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That, from the inmost darkness of the place,
Comes, scarcely felt: the barky? trunks, the ground,
The fresh, inoist ground, are all instinct 2 with thee.
Here is continual worship; Nature here,
In the tranquillity that thou dost love,
Enjoys thy presence. Noiselessly around,
From perch to perch, the solitary bird
Passes; and yon clear spring, that ʼmidst its herbs
Wells softly forth, and visits the strong roots
Of half the mighty forest, tells no tale
Of all the good it does. Thou hast not left
Thyself without a witness, in these shades,
Of thy perfections. Grandeur, strength, and grace
Are here to speak of thee. This mighty oak,
By whose immovable 5 stem I stand, and seem
Almost annihilated, — not a prince,
In all that proud old world? beyond the deep,
E’er wore his crown as loftily as he 8
Wears the green coronal' of leaves with which
Thy hand has graced him. Nestled at his root
Is beauty, such as blooms not in the glare
Of the broad sun. That delicate forest flower,

1 barky: a Shakespearian ad- 6 annihilated (from Latin nihil, jective.

nothing), hence, literally, made to 2 instinct, animated. Noun or be nothing. adjective? On which syllable is 7 old world, etc. Explain. the accent?

8 he: antecedent of this pro3 continual. See Webster.

noun ? 4 Of thy perfections. What 9 coronal (from Latin corona, a noun does this adjective phrase crown), a crown, wreath, or garmodify?

land. What is the figure of speech? 5 immovable. Define.

(See Def, 3.)

With delicate breath, and look so like a smile,
Seems, as it issues from the shapeless mold,
An emanation of the indwelling Life,
A visible token 3 of the upholding Love,
That are the soul of this wide universe.

My heart is awed within me, when I think
Of the great miracle 4 that still goes on
In silence, round me; the perpetual work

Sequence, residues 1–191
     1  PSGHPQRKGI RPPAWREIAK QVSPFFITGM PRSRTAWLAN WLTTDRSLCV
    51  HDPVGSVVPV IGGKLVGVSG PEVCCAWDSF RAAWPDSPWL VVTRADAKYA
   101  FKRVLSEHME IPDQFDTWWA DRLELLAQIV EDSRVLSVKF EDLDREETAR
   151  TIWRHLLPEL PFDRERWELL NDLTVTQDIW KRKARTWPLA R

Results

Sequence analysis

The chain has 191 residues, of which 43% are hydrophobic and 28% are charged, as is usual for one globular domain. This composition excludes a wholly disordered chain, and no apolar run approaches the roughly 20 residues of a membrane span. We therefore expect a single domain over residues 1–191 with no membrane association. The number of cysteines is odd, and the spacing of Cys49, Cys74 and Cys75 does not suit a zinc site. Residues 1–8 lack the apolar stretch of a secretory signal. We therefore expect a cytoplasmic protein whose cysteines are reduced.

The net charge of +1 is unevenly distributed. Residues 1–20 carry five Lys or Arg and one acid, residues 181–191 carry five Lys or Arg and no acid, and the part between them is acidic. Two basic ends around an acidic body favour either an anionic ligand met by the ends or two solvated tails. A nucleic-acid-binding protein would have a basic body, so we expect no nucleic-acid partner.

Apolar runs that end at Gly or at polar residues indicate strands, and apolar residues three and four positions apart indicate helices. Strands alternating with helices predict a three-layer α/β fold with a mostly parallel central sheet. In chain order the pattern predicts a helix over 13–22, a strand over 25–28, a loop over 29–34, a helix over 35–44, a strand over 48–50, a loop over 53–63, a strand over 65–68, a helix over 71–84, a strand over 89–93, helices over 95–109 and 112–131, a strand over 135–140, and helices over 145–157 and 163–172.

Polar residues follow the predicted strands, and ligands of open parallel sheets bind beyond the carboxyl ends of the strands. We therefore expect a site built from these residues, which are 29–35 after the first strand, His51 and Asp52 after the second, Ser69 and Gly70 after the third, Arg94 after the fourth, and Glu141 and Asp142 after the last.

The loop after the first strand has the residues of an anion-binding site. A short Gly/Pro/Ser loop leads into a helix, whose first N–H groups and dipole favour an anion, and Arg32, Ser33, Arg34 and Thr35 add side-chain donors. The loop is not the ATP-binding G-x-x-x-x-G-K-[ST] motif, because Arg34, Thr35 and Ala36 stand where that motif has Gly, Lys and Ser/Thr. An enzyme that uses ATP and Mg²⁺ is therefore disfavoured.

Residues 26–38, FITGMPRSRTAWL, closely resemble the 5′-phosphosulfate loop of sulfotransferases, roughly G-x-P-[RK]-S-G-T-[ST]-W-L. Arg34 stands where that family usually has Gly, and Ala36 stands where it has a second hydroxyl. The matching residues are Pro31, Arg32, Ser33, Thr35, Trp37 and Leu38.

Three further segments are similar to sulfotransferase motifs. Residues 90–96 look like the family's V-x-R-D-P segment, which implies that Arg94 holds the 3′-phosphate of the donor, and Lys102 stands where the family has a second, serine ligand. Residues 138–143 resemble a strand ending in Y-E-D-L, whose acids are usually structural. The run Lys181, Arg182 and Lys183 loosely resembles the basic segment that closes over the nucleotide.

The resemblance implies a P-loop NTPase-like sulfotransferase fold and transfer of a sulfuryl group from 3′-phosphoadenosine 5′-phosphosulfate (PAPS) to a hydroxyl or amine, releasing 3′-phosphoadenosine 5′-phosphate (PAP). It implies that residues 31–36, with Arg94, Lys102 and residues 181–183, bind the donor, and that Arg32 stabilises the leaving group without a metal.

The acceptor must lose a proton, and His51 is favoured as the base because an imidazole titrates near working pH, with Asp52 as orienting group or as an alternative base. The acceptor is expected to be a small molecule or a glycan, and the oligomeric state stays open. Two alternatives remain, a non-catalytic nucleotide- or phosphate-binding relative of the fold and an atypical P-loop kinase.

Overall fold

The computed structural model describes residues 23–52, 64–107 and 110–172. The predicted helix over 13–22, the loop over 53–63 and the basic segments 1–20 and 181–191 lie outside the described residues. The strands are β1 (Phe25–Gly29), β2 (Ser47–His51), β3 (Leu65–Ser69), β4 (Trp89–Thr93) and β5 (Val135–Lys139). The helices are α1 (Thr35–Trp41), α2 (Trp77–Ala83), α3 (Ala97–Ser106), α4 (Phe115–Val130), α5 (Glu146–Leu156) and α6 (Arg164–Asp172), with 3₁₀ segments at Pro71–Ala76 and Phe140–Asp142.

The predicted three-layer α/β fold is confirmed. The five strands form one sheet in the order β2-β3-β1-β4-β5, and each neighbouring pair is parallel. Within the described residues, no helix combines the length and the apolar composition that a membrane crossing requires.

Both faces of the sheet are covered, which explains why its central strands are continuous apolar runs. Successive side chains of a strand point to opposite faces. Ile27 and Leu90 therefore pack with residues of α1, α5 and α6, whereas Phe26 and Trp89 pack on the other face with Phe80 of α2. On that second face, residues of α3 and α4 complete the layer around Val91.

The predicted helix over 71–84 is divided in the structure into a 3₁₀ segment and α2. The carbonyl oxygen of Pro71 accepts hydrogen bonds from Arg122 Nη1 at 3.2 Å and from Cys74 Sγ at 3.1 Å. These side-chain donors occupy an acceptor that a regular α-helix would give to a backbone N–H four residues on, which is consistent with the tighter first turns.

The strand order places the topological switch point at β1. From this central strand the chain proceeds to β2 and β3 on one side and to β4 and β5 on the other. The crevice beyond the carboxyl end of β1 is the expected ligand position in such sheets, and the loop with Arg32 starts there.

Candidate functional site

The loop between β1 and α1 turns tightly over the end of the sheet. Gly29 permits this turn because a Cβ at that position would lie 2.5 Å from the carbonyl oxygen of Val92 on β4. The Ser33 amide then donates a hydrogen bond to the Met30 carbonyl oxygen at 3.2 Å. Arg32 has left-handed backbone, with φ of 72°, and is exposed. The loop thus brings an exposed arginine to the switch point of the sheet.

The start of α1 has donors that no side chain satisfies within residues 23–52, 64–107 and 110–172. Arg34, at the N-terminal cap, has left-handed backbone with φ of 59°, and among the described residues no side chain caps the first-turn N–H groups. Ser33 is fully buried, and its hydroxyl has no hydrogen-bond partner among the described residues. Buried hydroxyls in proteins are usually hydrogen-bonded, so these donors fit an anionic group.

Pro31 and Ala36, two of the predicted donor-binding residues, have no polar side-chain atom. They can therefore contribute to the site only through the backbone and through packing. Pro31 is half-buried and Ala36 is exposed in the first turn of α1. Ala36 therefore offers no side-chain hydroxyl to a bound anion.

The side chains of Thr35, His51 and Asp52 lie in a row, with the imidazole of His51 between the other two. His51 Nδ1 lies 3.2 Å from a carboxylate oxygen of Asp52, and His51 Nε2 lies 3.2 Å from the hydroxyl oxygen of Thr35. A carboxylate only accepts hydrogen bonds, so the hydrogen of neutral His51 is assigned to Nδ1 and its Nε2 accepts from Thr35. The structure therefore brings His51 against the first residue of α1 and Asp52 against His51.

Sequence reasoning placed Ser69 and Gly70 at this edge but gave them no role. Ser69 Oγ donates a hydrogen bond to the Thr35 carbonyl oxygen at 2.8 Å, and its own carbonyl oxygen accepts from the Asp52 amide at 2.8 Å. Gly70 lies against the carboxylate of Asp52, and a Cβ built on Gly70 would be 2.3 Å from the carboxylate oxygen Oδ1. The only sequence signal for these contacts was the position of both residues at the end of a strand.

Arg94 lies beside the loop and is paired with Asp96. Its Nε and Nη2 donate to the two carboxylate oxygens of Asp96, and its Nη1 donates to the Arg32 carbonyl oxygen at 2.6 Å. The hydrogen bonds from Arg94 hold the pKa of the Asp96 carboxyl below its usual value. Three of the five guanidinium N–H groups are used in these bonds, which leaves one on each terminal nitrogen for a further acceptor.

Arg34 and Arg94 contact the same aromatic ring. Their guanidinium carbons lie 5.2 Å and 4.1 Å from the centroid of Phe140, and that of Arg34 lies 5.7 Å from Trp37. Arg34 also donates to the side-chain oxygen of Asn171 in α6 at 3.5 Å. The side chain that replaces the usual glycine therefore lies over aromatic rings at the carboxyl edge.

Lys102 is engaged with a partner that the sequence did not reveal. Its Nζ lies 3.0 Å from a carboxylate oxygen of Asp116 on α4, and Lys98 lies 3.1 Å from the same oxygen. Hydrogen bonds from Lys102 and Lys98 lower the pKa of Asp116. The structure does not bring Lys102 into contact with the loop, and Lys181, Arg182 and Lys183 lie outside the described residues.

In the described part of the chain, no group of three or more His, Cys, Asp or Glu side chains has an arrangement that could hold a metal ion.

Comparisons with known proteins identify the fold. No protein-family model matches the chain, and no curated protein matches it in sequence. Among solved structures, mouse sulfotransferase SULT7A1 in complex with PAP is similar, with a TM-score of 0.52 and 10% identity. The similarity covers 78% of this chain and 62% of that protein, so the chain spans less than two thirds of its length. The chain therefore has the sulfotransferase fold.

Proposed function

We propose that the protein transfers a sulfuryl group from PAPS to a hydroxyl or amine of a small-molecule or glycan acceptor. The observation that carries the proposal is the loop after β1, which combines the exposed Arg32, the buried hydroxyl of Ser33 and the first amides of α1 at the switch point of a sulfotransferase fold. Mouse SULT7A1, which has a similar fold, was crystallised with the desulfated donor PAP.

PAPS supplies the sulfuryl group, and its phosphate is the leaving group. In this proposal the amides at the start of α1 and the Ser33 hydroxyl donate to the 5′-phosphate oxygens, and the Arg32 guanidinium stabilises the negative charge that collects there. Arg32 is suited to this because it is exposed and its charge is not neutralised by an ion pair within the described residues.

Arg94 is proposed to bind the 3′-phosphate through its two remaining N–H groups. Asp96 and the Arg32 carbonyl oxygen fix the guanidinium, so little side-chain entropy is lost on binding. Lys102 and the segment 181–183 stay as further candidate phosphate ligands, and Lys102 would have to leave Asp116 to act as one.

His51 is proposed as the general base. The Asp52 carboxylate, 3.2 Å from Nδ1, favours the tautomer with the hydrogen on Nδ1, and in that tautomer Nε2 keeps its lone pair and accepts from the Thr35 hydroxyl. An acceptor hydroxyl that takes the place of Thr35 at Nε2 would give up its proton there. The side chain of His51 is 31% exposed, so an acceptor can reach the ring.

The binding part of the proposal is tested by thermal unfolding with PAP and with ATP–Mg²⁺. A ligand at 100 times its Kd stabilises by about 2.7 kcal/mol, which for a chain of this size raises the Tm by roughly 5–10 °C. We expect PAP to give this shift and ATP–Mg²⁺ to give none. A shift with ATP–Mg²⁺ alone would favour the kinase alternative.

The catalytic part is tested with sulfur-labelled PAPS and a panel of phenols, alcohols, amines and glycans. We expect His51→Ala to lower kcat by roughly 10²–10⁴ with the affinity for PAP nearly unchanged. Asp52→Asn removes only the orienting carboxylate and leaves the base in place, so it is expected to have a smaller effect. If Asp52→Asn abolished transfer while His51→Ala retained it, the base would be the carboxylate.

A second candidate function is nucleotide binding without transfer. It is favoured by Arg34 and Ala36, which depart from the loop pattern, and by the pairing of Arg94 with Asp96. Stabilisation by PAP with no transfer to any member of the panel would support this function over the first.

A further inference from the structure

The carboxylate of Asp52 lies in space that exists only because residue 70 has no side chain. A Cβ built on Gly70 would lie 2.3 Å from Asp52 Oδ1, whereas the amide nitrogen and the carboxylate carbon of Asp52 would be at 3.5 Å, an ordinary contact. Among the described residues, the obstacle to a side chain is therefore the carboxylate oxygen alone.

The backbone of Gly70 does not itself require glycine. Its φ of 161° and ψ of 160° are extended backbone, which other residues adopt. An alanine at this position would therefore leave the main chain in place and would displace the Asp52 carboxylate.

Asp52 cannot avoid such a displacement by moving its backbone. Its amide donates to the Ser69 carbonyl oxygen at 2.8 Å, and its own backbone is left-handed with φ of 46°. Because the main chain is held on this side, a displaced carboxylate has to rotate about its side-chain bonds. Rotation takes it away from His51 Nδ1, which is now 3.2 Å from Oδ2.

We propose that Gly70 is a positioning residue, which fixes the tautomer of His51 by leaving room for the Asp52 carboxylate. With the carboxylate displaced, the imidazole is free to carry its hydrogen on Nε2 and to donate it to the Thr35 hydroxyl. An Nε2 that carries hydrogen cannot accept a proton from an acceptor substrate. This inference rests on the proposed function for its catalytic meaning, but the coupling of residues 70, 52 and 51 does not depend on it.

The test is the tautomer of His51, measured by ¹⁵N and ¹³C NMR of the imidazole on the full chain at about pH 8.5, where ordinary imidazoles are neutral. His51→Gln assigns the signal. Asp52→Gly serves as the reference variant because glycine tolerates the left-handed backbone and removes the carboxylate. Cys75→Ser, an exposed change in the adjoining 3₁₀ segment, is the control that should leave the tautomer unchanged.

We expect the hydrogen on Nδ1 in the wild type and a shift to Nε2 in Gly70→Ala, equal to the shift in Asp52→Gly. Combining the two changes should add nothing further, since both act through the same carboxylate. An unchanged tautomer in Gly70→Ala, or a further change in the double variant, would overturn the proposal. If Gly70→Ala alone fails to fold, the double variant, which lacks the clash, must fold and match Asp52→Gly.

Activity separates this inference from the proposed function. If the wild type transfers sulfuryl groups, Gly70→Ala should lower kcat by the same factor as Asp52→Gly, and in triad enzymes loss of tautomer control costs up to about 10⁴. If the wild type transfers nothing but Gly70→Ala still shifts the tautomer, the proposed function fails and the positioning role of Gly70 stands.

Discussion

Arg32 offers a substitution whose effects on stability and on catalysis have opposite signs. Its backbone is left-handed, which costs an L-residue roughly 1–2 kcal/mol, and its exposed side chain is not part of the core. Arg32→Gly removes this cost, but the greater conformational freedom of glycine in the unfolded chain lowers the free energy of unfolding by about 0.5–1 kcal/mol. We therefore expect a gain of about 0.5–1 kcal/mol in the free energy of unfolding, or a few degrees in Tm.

Of thy creation, finished, yet renewed
For ever.

Written on thy works, I read
The lesson of thy own eternity.
Lo! all grow old and die; but see, again,
How on the faltering footsteps of decay 5
Youth presses, — ever gay and beautiful youth,
In all its beautiful forms. These lofty trees
Wave not less proudly that their ancestors 6
Molder beneath them. O, there is not lost
One of earth's charms: upon her bosom yet,
After the flight of untold centuries,
The freshness of her far beginning lies,
And yet shall lie. Life mocks the idle hate
Of his arch-enemy, Death:8 yea, seats himself


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1 so like a smile. What figure? 5 faltering footsteps of decay.

2 mold. For what plain word is Explain the expression. this poetic term used ?

6 ancestors. Is the application 3 emanation

token. In of this term to an inanimate obwhich case are these nouns? ject literal or figurative? 4 of the great miracle. What

7 arch.

This prefix (from the is meant? · Miracle” is from the Greek prefix archi, first, chief) is Latin verb mirari, to wonder at; compounded with many nouns, and hence means, literally, an act and intensifies their meaning. or object causing wonder.

8 Death. What is the figure?

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Upon the tyrant's throne, - the sepulcher,1 —
And of the triumphs of his ghastly 2 foe
Makes his own nourishment. For he came forth
From thine own bosom, and shall have no end.